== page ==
Reinvesting in Children 60 Years After Brown

On May 17, we celebrated the anniversary of a turning point in American education – a commemoration of the end – or so we hoped – of “separate but equal.” But even 60 years after the landmark Supreme Court decision Brown v. Board of Education, disparities in educational opportunities throughout our country continue to result in vast economic inequalities.

On nearly every indicator that we use in the United States to measure progress, people of color are falling further behind. And it starts early.

A recent report by the Annie E. Casey Foundation, “Race for Results: Building a Path to Opportunity for All Children,” provides a national and state scorecard for how we are providing opportunities for children of color, using 12 indicators, such as percentage of children enrolled in preschool, high-schoolers who graduate on time, and number of children who live in low-poverty areas. There isn’t one minority group that’s meeting all of these benchmarks, and even middle-class families of color have a very tenuous hold on their economic status.

In addition, the recent data from the Department of Education’s Civil Rights Data Collection show that we are exacerbating these disparities by essentially sending our children of color to schools that are not providing them with a high-quality education. For many of our children, schools become a pipeline into the criminal justice system. According to the data, Black students are suspended at much higher rates than White students, and the problem has become so pervasive and insidious that it extends to preschool. Despite representing just 18 percent of preschool children, Black children make up nearly half of all out-of-school suspensions in preschool.

This school-to-prison pipeline – one in which African Americans and Latinos are grossly over-represented – is in stark contrast to their under-representation in the higher education system, where the non-Hispanic White population is well ahead of other groups in ultimately attaining a college degree or more.

The economic inequalities we see resulting from these educational inequalities are frightening. The unemployment data released earlier this month by the Department of Labor – revealing continued job growth but stagnant wages – still show that Black and Brown people are having the hardest time riding out this lengthy economic recovery. The official unemployment rate for African Americans is more than double the unemployment rate for non-Hispanic Whites. The rate for Hispanics is lagging behind, too.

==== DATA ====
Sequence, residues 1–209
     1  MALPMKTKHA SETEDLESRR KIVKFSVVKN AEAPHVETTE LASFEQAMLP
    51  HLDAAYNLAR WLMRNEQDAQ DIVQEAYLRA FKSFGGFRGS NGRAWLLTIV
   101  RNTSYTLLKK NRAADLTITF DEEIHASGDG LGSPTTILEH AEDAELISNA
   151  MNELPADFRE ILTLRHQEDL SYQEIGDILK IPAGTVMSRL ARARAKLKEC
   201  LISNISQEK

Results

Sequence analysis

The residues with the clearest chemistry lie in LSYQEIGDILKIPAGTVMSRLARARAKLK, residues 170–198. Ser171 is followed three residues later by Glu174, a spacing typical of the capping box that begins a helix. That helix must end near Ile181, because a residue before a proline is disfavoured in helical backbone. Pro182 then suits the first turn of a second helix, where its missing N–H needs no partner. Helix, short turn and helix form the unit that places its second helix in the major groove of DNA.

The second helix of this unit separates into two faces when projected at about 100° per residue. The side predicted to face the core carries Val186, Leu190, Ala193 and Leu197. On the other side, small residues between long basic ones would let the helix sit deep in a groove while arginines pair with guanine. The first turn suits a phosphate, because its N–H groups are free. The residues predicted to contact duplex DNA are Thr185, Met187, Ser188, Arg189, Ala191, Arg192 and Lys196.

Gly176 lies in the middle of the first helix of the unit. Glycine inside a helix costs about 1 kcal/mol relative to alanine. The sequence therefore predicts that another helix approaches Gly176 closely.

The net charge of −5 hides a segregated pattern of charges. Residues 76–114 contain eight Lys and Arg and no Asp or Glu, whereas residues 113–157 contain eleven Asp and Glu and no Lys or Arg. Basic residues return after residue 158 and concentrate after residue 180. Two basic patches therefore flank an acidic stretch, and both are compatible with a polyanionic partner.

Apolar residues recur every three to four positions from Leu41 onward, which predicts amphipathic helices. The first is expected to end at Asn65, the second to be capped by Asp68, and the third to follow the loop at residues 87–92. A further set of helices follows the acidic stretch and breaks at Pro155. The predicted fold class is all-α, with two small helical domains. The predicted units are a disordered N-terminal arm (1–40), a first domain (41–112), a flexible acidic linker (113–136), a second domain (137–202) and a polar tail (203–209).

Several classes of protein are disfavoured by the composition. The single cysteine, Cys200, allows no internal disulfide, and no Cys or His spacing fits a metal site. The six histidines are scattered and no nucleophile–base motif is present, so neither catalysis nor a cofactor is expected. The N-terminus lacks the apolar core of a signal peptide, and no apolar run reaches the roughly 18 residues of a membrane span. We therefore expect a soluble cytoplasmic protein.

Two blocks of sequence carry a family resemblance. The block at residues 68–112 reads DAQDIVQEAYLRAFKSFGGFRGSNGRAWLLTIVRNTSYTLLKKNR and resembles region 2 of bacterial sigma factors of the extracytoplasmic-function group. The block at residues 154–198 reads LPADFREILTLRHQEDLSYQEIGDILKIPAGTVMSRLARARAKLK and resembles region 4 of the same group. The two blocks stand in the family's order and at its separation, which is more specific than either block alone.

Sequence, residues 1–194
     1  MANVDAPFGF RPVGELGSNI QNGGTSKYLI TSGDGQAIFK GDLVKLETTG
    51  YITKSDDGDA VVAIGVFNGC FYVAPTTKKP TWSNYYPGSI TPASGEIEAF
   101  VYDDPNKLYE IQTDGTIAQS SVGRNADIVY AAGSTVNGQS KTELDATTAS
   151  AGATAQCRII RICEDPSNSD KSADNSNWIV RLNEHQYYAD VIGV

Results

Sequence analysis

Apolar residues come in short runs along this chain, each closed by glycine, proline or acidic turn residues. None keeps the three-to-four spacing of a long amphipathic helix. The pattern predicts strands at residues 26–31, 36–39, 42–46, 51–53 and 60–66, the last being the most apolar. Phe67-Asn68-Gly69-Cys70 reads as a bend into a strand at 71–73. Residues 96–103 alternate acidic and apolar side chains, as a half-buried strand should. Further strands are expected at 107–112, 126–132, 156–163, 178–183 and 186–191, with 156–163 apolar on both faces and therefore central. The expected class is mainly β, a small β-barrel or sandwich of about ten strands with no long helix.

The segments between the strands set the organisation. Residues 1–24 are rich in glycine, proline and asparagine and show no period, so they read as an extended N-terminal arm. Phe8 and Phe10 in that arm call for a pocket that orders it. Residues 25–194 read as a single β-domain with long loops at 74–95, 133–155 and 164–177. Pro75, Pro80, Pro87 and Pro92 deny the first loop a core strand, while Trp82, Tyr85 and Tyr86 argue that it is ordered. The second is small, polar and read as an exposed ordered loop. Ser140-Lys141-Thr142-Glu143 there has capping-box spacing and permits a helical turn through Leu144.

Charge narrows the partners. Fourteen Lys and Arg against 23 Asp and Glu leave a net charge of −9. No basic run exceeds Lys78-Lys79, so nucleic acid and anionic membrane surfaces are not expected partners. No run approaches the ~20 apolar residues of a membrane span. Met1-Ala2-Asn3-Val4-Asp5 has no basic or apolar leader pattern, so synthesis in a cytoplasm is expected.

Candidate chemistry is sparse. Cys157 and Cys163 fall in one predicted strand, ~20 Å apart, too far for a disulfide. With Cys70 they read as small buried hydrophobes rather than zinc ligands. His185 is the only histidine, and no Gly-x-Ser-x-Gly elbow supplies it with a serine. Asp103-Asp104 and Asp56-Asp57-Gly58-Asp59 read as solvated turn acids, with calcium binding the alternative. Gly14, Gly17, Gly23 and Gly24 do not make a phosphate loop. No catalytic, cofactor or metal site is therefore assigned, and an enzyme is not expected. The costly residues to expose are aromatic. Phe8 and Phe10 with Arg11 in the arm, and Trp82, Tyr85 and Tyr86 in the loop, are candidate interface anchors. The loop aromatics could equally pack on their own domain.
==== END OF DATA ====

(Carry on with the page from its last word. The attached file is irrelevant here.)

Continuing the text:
When the numbers of under-employed and discouraged workers are factored in, the crisis is even more severe for workers from every background.

With the foreclosure crisis, the financial crash, and the great recession, the inequalities of wealth have actually increased. As the Urban Institute reports, Non-Hispanic White families before the recession had about four times the wealth as non-White families, a figure that jumped to six times by 2010. Hispanic families lost 44 percent of their wealth – and Black families lost 31 percent of theirs – between 2007 and 2010. By contrast, White families lost just 11 percent of their wealth over the same period.

This broadening racial wealth gap is scary, as is the school-to-prison pipeline, and it won’t be solved overnight. But we can start by reinvesting in our nation’s children, who all deserve equal access to a quality education – one that doesn’t leave their economic future imperiled. The federal government has a number of options that it can pursue to address this crisis, including taking on a more robust role in guaranteeing the right to education; greater and more equitable investment of resources in the public school system; and tougher enforcement of existing civil rights laws. Taken together, such actions would do much to improve the lives of our children, both now and in the future.

Sixty years after Brown, it’s the least we can do.




‘Ain’t Got No Wiggle Room’

Poverty is everywhere. More than one in three Americans—106 million people—live below or perilously close to the federal poverty line. If you pick up a newspaper or magazine, turn on the radio or flip on the television, there are countless stories about poverty and income inequality. Politicians on both sides of the aisle are staking their claims to a national anti-poverty agenda. Republican presidential hopefuls like Paul Ryan and Marco Rubio have suddenly taken up the issue. And six long years after the Great Recession, Democrats have finally embraced raising the minimum wage. The conversation about poverty is pervasive.

Yet, poverty is nowhere. The men, women and children who are part of the 106 million striving and struggling Americans are invisible and voiceless. They are invisible because the debate about poverty is swirling around them but does not actually include them. They are invisible because they are not recognized as people but rather as a condition or a problem. They are blamed rather than empowered. They are voiceless because they are locked out of the corridors of power where conversations about poverty are happening. At best, their stories serve as useful anecdotes that add color to the harrowing statistics.

It’s past time for people who are poor to tell their own stories so that we can then have a real conversation about what actually contributes to economic success or failure in America.

Pina Orsillo Belgrano has one of these low wage jobs that keeps her struggling. Pina, 58, is a single mother in Seattle who worked as a restaurateur, travel agent and a real estate agent in 2008 until the economy tanked and she lost those jobs. The only job Pina could find was a $12 an hour job in the hotel industry. Pina does not earn enough money to protect her home from being foreclosed.